While I don’t have any expertise on green building, I have some views on how greening the construction process itself might benefit British Columbians.
“Green Building” generally refers to a set of principles that are used in the design, construction and function of homes that are intended to facilitate better performance related to energy efficiency and environmental responsibility.
As the BC Government develops a “green” component to reduce the impact of buildings on the environment, the chaos at our construction sites present “greening” opportunities that require serious consideration.
New homes being built using the traditional construction process model and project management can be very unhealthy, disruptive and extremely resource intensive. Outside of this paradigm are clear opportunities for efficiencies and serious “greening” to support sustainable building practices.
I believe that increasing modular or prefabricated buildings featuring cozy, modern design, functional amenities, and real value for money, would appeal to British Columbian buyers and enable the home building industry to increase efficiencies in ways that other major industries have for years.
There is no doubt that BC has the human assets, economic capital, technological competence and natural resources for more construction prefabricating.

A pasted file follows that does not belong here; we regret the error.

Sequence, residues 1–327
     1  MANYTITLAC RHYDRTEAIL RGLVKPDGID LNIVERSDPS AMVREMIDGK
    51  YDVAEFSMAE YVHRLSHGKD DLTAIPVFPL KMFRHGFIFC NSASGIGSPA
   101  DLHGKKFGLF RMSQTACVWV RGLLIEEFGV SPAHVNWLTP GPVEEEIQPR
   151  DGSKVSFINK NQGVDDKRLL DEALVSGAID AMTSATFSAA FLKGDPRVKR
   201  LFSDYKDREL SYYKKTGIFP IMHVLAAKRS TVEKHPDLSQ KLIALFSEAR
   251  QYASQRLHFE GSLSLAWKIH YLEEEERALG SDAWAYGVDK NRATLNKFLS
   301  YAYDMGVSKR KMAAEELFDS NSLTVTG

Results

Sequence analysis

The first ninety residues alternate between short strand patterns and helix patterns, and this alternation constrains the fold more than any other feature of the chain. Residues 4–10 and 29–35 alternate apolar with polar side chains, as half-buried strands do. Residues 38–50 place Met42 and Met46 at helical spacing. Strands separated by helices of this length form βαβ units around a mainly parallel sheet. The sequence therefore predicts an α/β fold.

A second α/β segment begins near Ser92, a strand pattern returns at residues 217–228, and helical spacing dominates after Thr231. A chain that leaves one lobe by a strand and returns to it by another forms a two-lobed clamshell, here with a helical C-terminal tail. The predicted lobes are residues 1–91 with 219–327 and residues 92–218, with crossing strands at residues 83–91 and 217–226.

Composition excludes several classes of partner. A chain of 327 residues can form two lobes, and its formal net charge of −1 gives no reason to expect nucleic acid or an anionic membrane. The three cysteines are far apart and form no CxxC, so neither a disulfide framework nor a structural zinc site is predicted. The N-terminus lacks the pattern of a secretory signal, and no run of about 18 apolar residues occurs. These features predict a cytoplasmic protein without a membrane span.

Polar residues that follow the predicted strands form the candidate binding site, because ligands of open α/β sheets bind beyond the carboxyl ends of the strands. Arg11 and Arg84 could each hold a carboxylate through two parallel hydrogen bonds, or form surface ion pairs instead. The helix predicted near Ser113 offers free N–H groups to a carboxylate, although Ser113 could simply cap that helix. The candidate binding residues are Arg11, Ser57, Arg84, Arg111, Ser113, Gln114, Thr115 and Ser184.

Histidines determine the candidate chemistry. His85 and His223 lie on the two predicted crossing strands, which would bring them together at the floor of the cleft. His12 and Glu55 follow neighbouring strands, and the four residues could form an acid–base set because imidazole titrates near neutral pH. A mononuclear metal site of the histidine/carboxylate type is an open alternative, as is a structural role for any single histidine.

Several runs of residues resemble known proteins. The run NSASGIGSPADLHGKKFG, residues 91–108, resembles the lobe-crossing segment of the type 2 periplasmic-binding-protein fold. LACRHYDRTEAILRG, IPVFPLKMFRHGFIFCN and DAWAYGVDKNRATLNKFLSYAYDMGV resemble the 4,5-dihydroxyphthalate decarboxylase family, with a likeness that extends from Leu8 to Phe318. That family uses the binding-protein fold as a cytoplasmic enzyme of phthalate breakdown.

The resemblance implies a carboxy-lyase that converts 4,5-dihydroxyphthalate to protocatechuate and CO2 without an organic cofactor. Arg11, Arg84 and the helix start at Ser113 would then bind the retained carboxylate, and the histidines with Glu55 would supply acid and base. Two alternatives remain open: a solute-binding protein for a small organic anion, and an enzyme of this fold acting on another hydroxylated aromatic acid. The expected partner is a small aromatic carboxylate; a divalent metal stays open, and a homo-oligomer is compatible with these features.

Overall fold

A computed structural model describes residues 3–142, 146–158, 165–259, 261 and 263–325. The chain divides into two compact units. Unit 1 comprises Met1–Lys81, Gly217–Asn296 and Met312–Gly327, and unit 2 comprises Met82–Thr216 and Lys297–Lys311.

With continuing industry skilled labour shortages, I believe it would just make sense to look at much more off-site prefabrication. This would create more on-site construction assembly jobs that require less-skilled workers.
While the construction site is being prepared the components are simultaneously being built locally in a controlled manufacturing environment in specially equipped factories that ensure superior quality and durability, lower construction costs and waste, and shortened schedules. The wood frame would also be less exposed to wet weather.
Over twenty percent of the material used to construct a typical frame home ends up as scrap. More prefabrication diverts this useful on-site construction refuse material from landfill sites and incinerators.
In addition, I believe that more prefabrication would reduce carbon emissions, have a significant impact on our local water supply and storm-sewers, and energy demands on our power grid.
City Hall needs to develop some incentives for responsible building practices that challenge the traditional model which is broken and desperately needs overhauling. Prefabricated new homes that include more natural, non-toxic and sustainably-derived materials would probably reduce the ecological footprint dramatically. What do you think?